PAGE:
Why some do change their LLC tax status is to get more benefits in terms of deductions and credits or lesser tax liabilities. For instance, a corporation is eligible for more tax credits and tax deductions. However, this is a decision that you should not make without consulting a tax professional.

LLC Payroll Taxes

In addition to the taxes that they have to pay on their business expenses and income, LLCs that have employees also get payroll taxes added under their liable LLC taxes. LLC payroll taxes include:

  • Unemployment taxes
  • Social security taxes
  • Medicare taxes

In order to fund the unemployment benefit programs, employers pay unemployment taxes. In the case of social security taxes and Medicare taxes, which are collectively known as FICA taxes as per the Federal Insurance Contributions Act, these are shared by the employers and employees. Hence, while giving employees their paychecks, the employers are required to withhold the employee’s share of these FICA taxes, along with the income taxes.

In order to file LLC taxes on payroll, IRS Form 940 and Form 941 are used. While IRS Form 940 is an annual form used for reporting the employer’s unemployment tax obligations, IRS Form 941 is a quarterly form. This form is used by the business to withhold income taxes and employer’s and employee’s share of FICA taxes.

What needs to be further noted about the LLC payroll taxes is that they are pay-as-you-go taxes instead of being those taxes that are paid when filing your tax forms. Considering the system of pay-as-you-go system on payroll taxes, you will be required to deposit your LLC payroll taxes across the year, but as per a set schedule by the IRS. The deposits for the same can be made on the Electronic Federal Tax Payment System (EFTPS).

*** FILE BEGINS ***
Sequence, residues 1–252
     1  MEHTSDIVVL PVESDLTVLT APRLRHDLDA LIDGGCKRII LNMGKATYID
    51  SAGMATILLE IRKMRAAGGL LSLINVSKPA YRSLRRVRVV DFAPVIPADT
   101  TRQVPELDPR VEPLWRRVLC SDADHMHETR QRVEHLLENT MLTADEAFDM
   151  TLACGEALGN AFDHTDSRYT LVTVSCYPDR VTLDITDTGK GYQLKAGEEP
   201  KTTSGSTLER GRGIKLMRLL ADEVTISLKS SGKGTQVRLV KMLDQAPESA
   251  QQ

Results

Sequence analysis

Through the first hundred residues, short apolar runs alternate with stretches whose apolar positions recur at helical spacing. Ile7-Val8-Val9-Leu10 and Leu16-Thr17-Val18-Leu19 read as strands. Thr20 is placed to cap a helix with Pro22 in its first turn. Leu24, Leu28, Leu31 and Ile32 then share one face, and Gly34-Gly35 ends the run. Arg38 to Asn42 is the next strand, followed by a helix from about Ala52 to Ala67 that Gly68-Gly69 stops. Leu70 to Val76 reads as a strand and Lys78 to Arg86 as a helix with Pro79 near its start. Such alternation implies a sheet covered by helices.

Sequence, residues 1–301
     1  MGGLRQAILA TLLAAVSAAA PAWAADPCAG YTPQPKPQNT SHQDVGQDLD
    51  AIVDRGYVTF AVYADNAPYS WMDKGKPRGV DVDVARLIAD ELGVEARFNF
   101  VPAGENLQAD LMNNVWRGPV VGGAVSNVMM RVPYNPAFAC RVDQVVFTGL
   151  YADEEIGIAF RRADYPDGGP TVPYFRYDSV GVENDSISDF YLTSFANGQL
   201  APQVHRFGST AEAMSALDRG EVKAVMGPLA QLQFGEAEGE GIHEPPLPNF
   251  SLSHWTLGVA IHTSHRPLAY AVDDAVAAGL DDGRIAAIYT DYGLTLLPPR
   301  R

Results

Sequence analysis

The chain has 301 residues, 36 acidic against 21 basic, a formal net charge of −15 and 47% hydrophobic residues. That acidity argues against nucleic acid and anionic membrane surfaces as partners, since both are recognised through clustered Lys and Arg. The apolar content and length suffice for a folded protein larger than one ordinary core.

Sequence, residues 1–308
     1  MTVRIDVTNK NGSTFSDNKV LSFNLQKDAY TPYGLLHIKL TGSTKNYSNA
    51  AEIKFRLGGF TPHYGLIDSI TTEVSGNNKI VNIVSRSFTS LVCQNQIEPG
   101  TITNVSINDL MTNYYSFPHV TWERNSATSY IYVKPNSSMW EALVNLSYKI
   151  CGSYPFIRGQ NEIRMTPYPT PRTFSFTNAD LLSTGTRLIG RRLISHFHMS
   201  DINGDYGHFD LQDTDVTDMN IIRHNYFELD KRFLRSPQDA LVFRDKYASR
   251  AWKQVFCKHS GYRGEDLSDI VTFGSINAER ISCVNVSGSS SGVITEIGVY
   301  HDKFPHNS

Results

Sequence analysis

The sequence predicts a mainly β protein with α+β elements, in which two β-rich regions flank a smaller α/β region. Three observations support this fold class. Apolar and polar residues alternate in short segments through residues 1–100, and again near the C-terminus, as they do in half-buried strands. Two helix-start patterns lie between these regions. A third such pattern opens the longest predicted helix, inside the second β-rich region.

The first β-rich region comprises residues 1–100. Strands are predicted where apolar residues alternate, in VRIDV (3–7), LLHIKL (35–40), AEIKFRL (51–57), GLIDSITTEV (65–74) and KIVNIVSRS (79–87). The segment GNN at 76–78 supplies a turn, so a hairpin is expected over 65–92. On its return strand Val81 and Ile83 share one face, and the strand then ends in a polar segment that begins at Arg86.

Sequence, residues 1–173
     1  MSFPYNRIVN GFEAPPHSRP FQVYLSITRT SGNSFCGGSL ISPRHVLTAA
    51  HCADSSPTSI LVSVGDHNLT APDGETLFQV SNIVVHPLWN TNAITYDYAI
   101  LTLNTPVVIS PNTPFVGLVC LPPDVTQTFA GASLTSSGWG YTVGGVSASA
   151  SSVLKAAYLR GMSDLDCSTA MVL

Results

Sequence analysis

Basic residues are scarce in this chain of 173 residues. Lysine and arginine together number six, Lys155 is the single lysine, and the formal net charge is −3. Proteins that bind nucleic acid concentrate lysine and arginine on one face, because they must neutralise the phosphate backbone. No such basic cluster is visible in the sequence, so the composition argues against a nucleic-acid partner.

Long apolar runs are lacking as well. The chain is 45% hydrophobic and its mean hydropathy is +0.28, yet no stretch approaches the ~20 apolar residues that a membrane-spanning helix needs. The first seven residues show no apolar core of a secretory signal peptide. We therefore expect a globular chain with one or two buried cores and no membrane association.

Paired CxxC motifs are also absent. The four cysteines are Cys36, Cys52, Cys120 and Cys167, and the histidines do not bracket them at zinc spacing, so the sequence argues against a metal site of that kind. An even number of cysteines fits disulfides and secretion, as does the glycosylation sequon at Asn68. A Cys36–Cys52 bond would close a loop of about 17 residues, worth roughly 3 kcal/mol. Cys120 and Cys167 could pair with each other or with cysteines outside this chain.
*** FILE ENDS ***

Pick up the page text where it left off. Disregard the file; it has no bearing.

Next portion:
Unemployment taxes are deposited quarterly, whereas medicare taxes and social security taxes are deposited either monthly or semi-weekly, depending upon the amount of your tax liability. The instructions mentioned by the IRS in their Forms 940 and 941 will help you determine the deposit schedule for the payment of your LLC payroll taxes.

The current federal tax rates for each of the LLC payroll taxes are:


Tax Rate

Who Pays


Unemployment Taxes

0.6% on the first $7,000 in wages (assuming that you have paid state unemployment taxes on time and in full)


File Form 940 by January 31. Deposit taxes on the last day of the month following each quarter.

Social Security Taxes

12.4% on wages up to $132,900

Employer and employee evenly split the tax

File Form 941 by the last day of the month following each quarter. Deposit taxes on a monthly or semiweekly basis. 

Medicare Taxes

2.9% on all wages, plus a 0.9% surtax on wages over $200,000

Employers and employees evenly split the tax. Only employees pay the surtax. 

File Form 941 by the last day of the month following each quarter. Deposit taxes on a monthly or semiweekly basis.

In addition to the federal payroll taxes, often state and local governments charge additional payroll taxes on the LLCs, hence increasing the LLC tax liabilities even more. While as an employer, you would have to pay your share of the LLC payroll taxes directly to the tax agency, in case of employee’s share in the LLC payroll taxes, you would have to ensure necessary withholding on their paychecks so that you then can remit the due payment to the state or locality.

LLC Self-Employment Taxes

Though members of an LLC are not considered as employees, under SECA (Self Employment Contributions Act), your LLC tax liabilities will also include the social security tax and Medicare taxes that you owe to the IRS. These taxes need to be paid directly to the IRS in the form of self-employment taxes. The total self-employment taxes that you owe to the IRS is 15.3% which includes the following:

  • 12.4% social security tax on earnings up to $137,700
  • 2.9% Medicare tax on all earnings
  • 0.9% Medicare surtax on earnings over $200,000

It would be Schedule SE that will help you calculate your LLC tax liability in terms of self-employment taxes. This schedule should also be attached to your tax return form.